...and just a petty techinical suggestion here. Check your apps for anyway that you may have spelled Valparaiso. Being from the area and an applicant there, it may rub the wrong way.
« on: March 05, 2004, 11:20:22 AM »
Absolutely. Let LSAC decide how to include it with your candidate packet. Chances are they'll include it as 'other' institution, but let them make that decision, especially if you did well at the academy. But I'm sure they've run into this situation before and may have a special way of handling academy transcripts.
If they decide not to include it, you can make it a part of you application and send a copy yourself. Again, especially if you did well.
« on: March 03, 2004, 07:27:56 AM »
Working slowly through tips and tricks or just busting out exam after exam to build up speed? Its just hard to believe that only working previous exams is enough but I don't speak from experience.
Missed this part originally, sorry.
Working through the practice tests is one thing. Working through the practice test and understanding why each answer is correct is a whole different thing.
I would recommend both - working the tips & tricks and working as many practice exams as possible. Believe me, after you sit for the LSAT, you'll truly wish you would've take a couple more practice.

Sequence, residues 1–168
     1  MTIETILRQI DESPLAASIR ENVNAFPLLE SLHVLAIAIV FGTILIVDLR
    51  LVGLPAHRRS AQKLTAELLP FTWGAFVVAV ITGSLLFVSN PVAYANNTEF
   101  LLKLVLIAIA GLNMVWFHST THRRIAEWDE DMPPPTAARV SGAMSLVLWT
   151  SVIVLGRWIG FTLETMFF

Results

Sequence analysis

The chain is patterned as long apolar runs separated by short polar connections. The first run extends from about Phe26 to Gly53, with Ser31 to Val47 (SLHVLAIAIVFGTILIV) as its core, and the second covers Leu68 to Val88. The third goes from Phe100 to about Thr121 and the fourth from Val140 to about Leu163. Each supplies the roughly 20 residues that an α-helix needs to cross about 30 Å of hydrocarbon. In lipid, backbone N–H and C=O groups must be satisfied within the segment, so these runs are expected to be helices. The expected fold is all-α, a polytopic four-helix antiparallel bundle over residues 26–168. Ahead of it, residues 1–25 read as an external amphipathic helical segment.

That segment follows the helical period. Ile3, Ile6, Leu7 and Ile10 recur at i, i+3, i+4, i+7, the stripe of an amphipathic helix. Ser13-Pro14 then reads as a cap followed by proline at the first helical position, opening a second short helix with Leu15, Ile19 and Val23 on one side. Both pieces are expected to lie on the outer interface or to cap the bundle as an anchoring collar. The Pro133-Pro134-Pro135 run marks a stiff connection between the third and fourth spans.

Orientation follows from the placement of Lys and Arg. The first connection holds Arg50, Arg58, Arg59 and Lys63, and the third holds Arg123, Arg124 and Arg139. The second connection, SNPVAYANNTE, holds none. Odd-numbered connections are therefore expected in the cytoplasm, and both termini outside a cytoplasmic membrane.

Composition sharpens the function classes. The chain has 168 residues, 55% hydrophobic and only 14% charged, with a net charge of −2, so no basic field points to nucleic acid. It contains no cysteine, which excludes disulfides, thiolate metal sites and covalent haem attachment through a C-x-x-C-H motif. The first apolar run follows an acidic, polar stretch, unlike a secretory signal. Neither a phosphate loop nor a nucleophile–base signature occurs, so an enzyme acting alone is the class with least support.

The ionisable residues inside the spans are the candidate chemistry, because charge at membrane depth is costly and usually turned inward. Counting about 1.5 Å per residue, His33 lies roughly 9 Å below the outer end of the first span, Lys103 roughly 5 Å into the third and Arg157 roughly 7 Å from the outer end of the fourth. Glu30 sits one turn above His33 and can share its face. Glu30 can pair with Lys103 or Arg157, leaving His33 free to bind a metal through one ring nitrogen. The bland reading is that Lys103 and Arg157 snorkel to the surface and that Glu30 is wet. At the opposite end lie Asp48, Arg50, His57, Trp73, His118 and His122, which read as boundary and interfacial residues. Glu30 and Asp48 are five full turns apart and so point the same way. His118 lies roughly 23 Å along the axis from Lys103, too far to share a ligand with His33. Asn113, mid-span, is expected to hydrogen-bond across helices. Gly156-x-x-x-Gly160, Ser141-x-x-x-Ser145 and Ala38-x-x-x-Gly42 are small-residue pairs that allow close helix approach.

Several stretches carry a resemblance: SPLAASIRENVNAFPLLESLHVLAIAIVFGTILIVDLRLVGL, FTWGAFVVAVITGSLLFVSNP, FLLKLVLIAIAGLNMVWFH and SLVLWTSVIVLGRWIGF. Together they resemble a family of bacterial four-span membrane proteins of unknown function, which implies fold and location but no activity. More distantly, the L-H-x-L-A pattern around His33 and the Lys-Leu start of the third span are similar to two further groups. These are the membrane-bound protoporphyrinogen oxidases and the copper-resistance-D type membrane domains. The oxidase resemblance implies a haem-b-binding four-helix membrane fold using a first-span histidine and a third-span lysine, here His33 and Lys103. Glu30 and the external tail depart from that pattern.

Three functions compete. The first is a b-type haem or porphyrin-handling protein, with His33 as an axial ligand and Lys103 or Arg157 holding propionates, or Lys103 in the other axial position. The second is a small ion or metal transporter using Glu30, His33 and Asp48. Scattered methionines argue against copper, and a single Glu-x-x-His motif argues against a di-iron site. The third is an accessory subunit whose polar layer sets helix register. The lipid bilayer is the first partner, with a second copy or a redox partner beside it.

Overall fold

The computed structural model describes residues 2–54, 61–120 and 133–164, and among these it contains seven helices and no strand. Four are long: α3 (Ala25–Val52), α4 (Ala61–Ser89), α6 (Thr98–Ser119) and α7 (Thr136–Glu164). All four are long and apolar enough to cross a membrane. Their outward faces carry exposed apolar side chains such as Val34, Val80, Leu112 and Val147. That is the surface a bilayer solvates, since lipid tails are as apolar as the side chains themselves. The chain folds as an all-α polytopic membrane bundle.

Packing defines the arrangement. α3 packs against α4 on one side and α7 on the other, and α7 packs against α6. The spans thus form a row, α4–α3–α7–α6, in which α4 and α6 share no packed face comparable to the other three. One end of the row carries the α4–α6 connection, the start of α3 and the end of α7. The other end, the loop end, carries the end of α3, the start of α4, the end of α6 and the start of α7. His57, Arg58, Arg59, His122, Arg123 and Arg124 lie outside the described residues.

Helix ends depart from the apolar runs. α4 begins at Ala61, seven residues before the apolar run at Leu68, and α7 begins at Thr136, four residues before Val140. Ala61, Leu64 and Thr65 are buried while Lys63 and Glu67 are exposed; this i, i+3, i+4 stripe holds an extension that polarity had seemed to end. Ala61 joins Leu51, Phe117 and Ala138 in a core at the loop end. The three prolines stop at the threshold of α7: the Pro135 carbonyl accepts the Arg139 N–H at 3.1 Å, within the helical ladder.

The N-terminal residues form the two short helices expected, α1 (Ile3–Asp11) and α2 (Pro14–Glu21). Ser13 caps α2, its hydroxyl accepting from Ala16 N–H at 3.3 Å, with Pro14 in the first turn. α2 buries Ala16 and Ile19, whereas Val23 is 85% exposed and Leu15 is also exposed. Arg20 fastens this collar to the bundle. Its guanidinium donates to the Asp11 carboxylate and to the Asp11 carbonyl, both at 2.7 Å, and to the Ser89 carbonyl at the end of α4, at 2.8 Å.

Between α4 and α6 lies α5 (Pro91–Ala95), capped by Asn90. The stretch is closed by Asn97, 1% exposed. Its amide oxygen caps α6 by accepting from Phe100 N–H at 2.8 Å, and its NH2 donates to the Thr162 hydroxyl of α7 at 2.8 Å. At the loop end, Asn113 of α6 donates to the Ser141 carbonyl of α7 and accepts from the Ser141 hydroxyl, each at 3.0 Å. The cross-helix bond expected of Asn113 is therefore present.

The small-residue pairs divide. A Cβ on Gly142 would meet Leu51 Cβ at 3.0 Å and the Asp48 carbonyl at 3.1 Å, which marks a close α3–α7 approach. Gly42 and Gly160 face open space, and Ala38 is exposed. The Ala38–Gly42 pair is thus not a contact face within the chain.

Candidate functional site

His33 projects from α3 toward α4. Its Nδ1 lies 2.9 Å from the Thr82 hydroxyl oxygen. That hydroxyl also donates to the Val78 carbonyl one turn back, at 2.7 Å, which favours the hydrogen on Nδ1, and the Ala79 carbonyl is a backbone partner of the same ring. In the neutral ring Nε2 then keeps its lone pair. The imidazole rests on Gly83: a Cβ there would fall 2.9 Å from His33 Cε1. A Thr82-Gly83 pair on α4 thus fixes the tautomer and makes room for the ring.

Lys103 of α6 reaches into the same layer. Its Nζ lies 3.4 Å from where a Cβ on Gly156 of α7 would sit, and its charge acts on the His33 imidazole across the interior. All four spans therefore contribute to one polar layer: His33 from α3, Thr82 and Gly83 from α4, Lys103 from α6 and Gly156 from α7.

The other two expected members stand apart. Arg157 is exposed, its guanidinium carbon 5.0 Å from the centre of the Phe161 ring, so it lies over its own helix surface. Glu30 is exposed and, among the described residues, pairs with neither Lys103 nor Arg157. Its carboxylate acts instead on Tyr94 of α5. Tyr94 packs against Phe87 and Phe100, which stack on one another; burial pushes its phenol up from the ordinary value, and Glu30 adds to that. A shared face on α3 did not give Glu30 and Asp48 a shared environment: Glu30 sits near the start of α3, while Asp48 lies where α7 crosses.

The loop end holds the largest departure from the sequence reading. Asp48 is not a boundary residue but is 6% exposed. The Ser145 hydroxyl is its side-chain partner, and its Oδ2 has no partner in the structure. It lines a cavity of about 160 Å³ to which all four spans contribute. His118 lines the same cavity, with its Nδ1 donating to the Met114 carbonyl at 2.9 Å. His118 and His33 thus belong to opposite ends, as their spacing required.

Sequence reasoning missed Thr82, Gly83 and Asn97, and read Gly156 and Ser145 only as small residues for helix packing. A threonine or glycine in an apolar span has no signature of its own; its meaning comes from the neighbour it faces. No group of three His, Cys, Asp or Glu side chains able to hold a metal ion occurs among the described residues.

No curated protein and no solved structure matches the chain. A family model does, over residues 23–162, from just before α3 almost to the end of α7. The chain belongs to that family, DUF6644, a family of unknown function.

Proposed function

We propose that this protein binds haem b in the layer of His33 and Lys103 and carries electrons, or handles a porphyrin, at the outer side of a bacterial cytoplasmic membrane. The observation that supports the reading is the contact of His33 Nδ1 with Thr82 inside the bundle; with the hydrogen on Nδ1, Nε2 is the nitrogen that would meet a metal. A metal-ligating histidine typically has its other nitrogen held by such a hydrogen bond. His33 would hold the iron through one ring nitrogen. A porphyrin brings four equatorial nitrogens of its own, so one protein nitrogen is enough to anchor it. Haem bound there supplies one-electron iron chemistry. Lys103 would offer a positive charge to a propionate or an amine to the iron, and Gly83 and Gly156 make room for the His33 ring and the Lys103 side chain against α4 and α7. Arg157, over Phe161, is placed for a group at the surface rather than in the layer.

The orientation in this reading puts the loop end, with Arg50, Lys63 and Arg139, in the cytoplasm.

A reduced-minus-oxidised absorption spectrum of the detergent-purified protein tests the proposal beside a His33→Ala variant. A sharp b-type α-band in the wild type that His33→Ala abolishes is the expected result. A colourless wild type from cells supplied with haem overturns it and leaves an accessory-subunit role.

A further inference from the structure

« on: March 02, 2004, 04:42:27 PM »
Well if it helps, my husband's incident was shoplifting, a crime of dishonesty, that is looked very poorly on. But it was not an issue on his law school application or his bar application.
The key is to being honest..
« on: March 02, 2004, 04:33:15 PM »
Don't be so obsessed with tier. Just go to the law school that you think will provide you with the best education, whether it be Tier 1 or 4. Do not let the editors of U.S. News navigate your moves. These rankings don't mean much. Most of it is political. Keep an open mind and visit numerous schools, without regard to Tier. You'll be alot happier.
I couldn't agree more. There are so many more factors to consider than the tier of the school.
If you want to practice in a certain area, such as close to home, etc., look at the local law schools, regardless of their tier. The closer the school is to the region you'd like to practice in, the better the reputation the school has in the area.
Also, everyone gets so hung up on tiers and forgets a few major points. So you go to tier 1 school. Unless you can manage the top 10% of your graduating class, it doesn't matter. You need to get involved in activities including moot court, law review, etc., activities that are available at all law schools. The percentage you graduated in your class as well as your activities are extremely important. That's what's going to shine after law school.
« on: March 02, 2004, 04:27:26 PM »
They are actual LSAT's but they are older.
While all practice is good, I would check ebay etc. for more recent tests. If all else fails, you can order the most recent from LSDAS at $8 apiece.
But the more practice you can get, the better off you are, regardless of the age of the test.
« on: March 01, 2004, 06:21:55 PM »
Depends on the area that you want to practice in. Law schools have reputation in their individual regions. Unless you're wanting a top 10 firm, don't discount the local law schools.
Each law school gives you opportunities to excel in other areas, that offset perhaps the ranking of the school. If do very well and graduate in the top 10% of your class, have moot court and law review experience, you will stick out from a 3rd tier or top tier that graduated low with no 'extra curricular' law related activities.